Category Archives: Camping

Travelling Iceland By Camper Van – Part 1

It is the year anniversary of me going to Iceland as I write this and it is still one of my favourite countries for natural beauty. It truly is wild, rugged and stunning. My friend and I hired a camper van out of Reykjavik and because I had a luggage limit I bought about 20kg of noodles and tins of food with me from the Lidl Supermarket in London as I knew food was going to be expensive. We got our van, and equipped with a map and about 22 hours of daylight every single day we started driving north. Iceland still proves to be one of my favourite countries in the world for its’ sheer natural beauty. If ever you get a chance to go, you definitely should! Here is what my friend and I got up to in that week.

Day 1 – Reykjavik to Oxnadalur

After picking up the car in Reykjavik and getting equipped with some fuel for the stove, we drove north and despite getting semi lost on the way up, we eventually found our way out of the city, over the wrong bridge and on our way. We stopped in to see the Glymur waterfall and dropped in at Deildartunguhver, the worlds most powerful hotspring. We then drove via Reykholt and stopped in on a historical center before checking out the Barnafoss waterfall. These falls were impressive and we walked around for an hour or so taking pictures and checking them out.

Barnafoss

Our last major stop for the day was at the Grabrok lava fields and craters, which were again, super cool. After there wasn’t too much in the way of things to see for the next couple of hours so we continued to drive towards Akureyri until we got tired.

Grabrok Crater and Lava Fields

As we came up over this hill, there were some amazing views of the mountains so we parked the van in a carpark, ate some dinner and crashed out for the night to the stunning views of Oxnadalur, which don’t of course disappear when the sun doesn’t go down.

The van camped at Oxnadalur

Day 2 – Oxnadalur to Jokulsa a Dal

We made our way to the larger town of Akureyri in the north and stopped in for a while and had a drink in a coffee shop. We wandered the streets checking out the quaint fishing village before we drove on through to the Godafoss waterfalls, and on to Namafjell and Jardbodin where they had some awesome geothermal mud pits and springs.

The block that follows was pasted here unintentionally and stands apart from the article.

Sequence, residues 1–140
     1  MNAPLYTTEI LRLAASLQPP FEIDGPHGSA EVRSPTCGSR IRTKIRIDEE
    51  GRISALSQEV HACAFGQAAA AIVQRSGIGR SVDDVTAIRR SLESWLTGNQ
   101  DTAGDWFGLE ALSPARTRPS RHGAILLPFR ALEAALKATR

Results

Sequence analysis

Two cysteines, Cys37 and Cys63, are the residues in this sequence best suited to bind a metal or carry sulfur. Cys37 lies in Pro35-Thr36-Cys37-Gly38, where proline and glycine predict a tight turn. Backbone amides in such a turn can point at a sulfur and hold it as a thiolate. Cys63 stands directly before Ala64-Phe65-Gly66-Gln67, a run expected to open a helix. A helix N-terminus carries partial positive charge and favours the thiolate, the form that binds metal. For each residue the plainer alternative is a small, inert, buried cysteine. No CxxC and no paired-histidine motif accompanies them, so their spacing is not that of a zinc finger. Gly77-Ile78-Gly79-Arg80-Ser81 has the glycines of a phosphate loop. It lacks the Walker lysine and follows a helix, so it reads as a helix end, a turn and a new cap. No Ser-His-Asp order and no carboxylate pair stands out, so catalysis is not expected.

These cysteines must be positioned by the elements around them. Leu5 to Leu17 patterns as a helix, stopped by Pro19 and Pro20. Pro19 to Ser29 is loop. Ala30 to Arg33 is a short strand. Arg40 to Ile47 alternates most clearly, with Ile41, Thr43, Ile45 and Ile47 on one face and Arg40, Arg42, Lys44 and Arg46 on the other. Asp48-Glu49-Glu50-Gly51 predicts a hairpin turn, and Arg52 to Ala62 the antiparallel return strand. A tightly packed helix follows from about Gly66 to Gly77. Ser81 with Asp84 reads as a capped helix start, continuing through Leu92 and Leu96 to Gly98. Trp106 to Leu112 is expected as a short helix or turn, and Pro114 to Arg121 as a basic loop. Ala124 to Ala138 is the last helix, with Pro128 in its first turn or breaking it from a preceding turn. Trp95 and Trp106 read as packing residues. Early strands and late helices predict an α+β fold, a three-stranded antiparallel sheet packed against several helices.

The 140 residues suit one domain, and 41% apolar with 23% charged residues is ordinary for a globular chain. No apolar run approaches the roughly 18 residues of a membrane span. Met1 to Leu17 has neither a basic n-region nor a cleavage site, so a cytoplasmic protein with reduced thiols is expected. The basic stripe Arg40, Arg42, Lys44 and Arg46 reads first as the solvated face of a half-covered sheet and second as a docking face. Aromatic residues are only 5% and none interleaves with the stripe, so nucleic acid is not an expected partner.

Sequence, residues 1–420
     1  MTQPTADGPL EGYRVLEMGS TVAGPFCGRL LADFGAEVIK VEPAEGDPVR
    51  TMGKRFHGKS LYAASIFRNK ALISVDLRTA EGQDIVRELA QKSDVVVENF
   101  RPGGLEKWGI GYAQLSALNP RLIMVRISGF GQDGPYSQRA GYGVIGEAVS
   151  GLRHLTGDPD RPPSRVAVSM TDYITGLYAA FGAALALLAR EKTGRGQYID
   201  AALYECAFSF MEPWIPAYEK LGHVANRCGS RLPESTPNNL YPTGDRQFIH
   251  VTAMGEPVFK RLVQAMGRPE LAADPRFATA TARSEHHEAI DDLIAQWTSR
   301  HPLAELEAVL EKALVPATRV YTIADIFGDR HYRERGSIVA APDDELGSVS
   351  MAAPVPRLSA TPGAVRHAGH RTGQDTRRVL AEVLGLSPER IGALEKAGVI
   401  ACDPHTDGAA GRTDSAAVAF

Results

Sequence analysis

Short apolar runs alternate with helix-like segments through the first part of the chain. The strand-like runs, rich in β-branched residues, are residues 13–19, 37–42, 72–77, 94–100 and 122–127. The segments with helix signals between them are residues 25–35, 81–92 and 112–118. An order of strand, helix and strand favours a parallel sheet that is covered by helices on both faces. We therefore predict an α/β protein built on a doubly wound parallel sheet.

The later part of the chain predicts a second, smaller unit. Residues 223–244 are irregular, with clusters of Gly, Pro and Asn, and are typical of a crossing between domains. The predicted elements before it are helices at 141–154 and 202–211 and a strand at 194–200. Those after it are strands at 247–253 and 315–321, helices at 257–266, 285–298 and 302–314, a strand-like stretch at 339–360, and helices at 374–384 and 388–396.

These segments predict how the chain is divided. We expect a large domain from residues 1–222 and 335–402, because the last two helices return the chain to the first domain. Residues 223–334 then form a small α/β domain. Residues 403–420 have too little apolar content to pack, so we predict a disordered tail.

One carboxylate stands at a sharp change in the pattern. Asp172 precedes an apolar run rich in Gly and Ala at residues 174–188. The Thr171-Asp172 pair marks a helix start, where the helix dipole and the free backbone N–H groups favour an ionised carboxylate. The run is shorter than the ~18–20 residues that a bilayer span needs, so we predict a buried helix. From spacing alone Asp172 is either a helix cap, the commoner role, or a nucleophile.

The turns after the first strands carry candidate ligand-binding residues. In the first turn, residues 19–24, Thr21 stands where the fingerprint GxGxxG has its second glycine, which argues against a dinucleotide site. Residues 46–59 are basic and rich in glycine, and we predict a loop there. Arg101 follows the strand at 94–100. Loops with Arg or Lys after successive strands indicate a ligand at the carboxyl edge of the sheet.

Namafjell

We decided that since it was bath time we should stop in the springs and swim about for a bit. They were so nice and warm and had incredible views. It was such an amazing experience. And after the bath we continued to drive on.  We arrived at this place called the Viti Crater which means hell in Icelandic. It was cold, but absolutely stunning, and oddly frozen over.

Viti Crater

We tried to head north to see Detifoss waterfall however we got stuck in a fog and decided that this wasn’t the safest path to take so we turned around and continued our way east along the ring road. We parked the car somewhere around Jokulsa a Dal and had another sleep in the bright lights of constant sun.

Day 3 – Jokulsa a Dal to Hofn

We drove on through towards Seydisfjordur, down the stunning winding roads before the coast and spent some time hanging out in the port town. On the way back up, there was a really cool waterfall, Gufufoss and we stuffed around for a while taking pictures of ourselves in our Cinderella and Dora the Explorer masks that came along for the ride with us.

Gufufoss

As we continued along the winding road we stopped in a town called Djupivogur where they had massive whale bones on display and some really cool things in one of the garden shops there. We explored these some more before making our way to Hofn where we camped on the side of the road for the night.

Whale bones at Djupivogur

While we drove most of the north super quickly, I did really enjoy the time I spent up here. It was a really cool start to the journey…. but all of the things that we were both super excited about were in the south and we were yet to get there…

To see what we did in the south, check out Part 2 next time!

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Canada By Bus: Leg 9 – Vancouver Island And The End Of The Road